It’s time for some harsh New Year’s honesty. The rise of social media, coupled with smartphones, has led to a vast, still-expanding societal crisis.
Sound a bit dramatic? It’s actually deadly serious. Our kids’ lives are at stake.
To be sure, no one single person or company in the media, advertising and tech industries are to blame. But we all need to do something about it.
The stakes couldn’t be higher
In the past decade, Silicon Valley’s tech giants have essentially been conducting a vast sociological experiment with zero oversight, regulation or foresight. We are literally talking about billions of people across the globe -- and the consequences of any mistakes are potentially tragic.
If you haven’t seen it in your own life, read the headlines. Take in the alarming statistics on spikes in cyber-bullying and suicide rates.
More broadly, the more kids spend time interacting via apps, the less time they spend developing vital social skills. Navigating high school is hard enough. It’s much harder if you’re not equipped to connect with people one-on-one.
As a tech founder and CEO, I feel these trends simply can’t ignored. More personally, as father of a young boy, I’m living these fears daily. I’m terrified we are losing an entire generation to this issue — and we need to do something about it.
To be sure, it’s hard not to be a bit enamored with all the different feeds we use. They’re just fun, right? The thing is, these aren't just cool apps. They are purpose-built addiction systems designed by some of the smartest people in the world to keep you online and scrolling.
Imagine the world's greatest salesperson, who happens to be a coke dealer, following your 14-year-old around to keep them addicted.
This isn’t just a theory. Former Facebook executives have spoken openly about the dopamine feedback loop built into social-media apps. Our brains get a chemical hit every time we get a positive social interaction, and we keep wanting more. A Harvard Medical School researcher recently likened the techniques used by tech companies to that of casinos.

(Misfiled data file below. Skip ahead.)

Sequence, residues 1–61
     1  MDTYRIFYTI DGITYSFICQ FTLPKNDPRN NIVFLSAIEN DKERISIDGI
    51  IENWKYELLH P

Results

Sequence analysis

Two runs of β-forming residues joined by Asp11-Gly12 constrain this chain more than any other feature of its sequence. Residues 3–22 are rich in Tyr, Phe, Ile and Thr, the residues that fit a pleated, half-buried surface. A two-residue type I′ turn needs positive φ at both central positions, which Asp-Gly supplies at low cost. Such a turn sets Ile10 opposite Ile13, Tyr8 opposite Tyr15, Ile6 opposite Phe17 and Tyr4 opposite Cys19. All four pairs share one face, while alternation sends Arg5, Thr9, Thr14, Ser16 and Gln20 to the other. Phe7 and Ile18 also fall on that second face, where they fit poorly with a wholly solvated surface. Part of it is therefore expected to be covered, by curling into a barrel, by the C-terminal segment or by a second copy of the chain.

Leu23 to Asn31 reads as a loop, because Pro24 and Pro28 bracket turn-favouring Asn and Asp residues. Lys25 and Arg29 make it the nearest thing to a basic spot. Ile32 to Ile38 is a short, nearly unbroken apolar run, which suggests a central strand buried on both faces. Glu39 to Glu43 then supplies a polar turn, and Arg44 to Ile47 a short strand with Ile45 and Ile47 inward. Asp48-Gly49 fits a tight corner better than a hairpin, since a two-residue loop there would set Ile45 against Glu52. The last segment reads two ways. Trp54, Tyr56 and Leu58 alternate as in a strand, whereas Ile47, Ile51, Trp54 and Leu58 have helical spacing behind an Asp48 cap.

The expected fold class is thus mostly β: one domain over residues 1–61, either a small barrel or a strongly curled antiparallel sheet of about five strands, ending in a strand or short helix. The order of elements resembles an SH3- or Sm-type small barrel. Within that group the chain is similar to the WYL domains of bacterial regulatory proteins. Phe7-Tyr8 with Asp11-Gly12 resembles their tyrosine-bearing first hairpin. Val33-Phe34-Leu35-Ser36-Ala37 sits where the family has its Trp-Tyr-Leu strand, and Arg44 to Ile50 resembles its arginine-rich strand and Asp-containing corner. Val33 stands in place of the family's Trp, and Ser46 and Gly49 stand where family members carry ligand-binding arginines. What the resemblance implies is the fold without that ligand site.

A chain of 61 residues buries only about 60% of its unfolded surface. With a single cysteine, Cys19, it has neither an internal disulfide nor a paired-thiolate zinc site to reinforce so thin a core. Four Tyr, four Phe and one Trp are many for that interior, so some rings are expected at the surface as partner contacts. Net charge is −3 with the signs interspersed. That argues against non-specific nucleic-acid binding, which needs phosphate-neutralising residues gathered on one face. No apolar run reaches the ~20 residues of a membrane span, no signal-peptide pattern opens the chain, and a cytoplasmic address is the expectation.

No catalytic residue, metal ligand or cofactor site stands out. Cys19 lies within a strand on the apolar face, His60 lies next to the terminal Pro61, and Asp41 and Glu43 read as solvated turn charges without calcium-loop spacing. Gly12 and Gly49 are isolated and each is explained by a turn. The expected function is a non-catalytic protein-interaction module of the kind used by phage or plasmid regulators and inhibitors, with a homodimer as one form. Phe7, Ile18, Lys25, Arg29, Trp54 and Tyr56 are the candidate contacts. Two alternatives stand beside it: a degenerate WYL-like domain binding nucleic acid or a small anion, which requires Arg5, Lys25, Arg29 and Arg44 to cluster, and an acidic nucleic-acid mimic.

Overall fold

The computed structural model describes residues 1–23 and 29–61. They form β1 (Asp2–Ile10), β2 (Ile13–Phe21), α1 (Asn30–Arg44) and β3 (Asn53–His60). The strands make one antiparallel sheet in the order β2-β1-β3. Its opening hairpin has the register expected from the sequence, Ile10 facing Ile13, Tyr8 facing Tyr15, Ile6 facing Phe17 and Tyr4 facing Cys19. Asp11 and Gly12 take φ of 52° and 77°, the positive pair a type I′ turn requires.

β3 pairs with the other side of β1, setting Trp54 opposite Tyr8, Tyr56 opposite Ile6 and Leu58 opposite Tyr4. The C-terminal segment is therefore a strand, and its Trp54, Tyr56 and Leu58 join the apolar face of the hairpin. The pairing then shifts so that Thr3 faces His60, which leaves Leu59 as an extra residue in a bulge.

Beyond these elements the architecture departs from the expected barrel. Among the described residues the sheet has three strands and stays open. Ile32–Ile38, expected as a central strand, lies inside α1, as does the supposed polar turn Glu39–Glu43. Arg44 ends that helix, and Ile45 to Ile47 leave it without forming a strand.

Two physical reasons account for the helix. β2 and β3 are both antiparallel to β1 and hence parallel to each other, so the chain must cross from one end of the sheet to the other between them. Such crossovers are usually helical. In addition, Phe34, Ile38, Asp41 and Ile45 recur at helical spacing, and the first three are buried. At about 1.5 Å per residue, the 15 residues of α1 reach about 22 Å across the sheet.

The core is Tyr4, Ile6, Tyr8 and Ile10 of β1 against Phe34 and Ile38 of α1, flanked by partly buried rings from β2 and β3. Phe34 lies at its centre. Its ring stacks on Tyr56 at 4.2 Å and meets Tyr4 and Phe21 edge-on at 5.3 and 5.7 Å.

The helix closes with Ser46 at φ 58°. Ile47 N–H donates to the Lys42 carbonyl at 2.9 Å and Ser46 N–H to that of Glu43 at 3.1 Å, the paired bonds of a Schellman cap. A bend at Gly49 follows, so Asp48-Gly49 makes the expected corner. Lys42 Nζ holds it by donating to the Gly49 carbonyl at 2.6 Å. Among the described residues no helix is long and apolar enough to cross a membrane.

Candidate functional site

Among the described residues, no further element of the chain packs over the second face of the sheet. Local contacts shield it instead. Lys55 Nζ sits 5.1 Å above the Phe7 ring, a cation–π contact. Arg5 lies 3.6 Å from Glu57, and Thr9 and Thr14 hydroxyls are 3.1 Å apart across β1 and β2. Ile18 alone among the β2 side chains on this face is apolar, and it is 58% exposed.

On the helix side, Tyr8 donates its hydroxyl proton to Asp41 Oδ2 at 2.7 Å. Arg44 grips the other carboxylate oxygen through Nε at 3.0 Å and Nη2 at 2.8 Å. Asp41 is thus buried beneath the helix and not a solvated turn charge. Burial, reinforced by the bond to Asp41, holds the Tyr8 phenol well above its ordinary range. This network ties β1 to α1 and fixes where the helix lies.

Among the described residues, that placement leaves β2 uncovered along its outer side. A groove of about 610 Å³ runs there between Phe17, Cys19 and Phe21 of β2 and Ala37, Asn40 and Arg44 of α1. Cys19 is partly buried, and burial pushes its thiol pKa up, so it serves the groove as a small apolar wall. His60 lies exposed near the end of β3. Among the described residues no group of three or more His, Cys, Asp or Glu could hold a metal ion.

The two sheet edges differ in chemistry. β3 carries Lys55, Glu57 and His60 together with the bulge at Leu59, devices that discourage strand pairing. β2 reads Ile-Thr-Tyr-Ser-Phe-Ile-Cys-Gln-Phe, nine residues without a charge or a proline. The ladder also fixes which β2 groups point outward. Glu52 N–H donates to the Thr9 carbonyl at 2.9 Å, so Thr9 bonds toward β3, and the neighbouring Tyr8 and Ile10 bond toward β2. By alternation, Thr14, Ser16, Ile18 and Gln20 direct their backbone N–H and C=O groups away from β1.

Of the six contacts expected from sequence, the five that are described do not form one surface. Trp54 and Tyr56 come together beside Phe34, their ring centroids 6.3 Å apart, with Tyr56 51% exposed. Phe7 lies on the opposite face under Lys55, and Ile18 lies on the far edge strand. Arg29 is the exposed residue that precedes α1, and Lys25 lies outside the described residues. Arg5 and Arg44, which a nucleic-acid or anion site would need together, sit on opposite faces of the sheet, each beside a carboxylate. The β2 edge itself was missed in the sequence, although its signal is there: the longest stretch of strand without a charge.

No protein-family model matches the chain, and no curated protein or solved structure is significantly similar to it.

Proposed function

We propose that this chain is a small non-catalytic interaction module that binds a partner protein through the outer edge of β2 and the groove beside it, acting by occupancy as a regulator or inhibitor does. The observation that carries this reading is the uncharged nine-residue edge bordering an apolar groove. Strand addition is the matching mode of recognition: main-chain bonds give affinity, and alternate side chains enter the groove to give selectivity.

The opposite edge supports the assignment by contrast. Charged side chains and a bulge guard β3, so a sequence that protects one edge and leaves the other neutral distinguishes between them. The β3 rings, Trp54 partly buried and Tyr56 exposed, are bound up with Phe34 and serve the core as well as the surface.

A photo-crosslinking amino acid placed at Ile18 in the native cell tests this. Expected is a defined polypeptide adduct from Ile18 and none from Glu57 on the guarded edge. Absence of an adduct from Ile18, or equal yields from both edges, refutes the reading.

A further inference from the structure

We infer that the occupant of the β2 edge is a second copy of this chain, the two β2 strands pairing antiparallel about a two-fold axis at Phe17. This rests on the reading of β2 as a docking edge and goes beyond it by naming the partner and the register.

Except in this case, we’re gambling with kids’ brains.
There is a better way
Here are seven resolutions we can all make to help steer social media back on a safe track.
1. We need to personally pull back on tech usage. Delete some apps from our phones and turn others to grey mode. Set an example. We need to police our kids better and help them find alternatives.
2. Big tech companies need to push further than adding a few modest controls. They need to invest in research, preventative care and revamp their products to be less addictive.
3. Marketers need to apply real pressure on the platforms. If it comes down to it, they need to threaten to pull spending from companies that don’t make the right kind of investments.
4. Brands need to dial back on campaigns explicitly designed to incentivize people to rack up likes, shares and other empty digital calories.
5. Marketers need to rethink how they work with influencers. Too many kids are trying to emulate impossibly well-lit and well-paid creators, hoping to live the unboxing life.
6. Kids need the hang space back. They need places to find themselves and be vulnerable. They need to feel good about being weird. Marketers need to invest in new social platforms that embrace these values.
7. Get out. We all need more face time (not Face Time) with humans. Get a coffee, a drink at a bar with peers. Take your kids to a park. Resolve to be more present.
Marketers like to say they are purpose-driven. There is no greater purpose than an unprecedented national health emergency. And that'swhat we're facing, whether we want to admit it or not.
The question is: What do we do about it? We’re not throwing away our phones or deleting all apps. These products aren’t inherently bad. We do need to figure out how to keep what makes them true wonders (connecting people, making their lives easier), while taking serious measures to reducing their addictive natures and rampant toxicity.
Otherwise, we risk losing our kids. And at a certain point, there may be no going back.